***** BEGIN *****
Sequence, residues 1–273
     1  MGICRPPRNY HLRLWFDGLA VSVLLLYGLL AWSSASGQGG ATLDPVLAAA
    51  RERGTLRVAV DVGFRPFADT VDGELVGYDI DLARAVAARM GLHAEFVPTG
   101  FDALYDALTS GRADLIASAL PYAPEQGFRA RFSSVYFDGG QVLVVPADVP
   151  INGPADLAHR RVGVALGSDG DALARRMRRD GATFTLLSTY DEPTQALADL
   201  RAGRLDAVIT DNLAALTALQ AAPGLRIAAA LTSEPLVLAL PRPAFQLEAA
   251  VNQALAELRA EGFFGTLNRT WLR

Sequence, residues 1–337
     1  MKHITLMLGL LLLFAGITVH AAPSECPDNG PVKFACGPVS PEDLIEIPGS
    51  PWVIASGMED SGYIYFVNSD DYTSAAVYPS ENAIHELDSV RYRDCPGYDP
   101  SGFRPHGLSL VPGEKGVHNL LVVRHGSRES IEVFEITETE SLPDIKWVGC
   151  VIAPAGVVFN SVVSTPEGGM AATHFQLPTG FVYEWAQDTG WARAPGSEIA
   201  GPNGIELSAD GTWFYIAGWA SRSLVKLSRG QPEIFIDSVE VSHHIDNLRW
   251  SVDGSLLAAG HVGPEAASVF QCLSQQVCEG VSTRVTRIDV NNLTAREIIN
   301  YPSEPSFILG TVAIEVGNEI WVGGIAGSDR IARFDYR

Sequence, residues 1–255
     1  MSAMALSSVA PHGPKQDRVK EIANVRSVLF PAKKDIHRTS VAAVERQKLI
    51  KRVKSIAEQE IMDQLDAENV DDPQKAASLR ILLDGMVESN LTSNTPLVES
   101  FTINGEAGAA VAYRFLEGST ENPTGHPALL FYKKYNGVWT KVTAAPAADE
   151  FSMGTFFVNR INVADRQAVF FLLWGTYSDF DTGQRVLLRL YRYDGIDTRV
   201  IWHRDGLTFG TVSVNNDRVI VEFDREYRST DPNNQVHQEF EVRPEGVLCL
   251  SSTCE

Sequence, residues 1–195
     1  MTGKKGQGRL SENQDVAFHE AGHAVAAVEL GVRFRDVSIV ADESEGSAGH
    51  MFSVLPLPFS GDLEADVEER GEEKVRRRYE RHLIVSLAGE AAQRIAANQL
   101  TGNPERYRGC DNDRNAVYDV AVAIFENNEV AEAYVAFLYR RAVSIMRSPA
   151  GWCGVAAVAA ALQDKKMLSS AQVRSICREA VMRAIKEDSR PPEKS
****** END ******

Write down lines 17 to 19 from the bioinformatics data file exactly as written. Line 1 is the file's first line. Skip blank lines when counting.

     1  MSAMALSSVA PHGPKQDRVK EIANVRSVLF PAKKDIHRTS VAAVERQKLI
    51  KRVKSIAEQE IMDQLDAENV DDPQKAASLR ILLDGMVESN LTSNTPLVES
   101  FTINGEAGAA VAYRFLEGST ENPTGHPALL FYKKYNGVWT KVTAAPAADE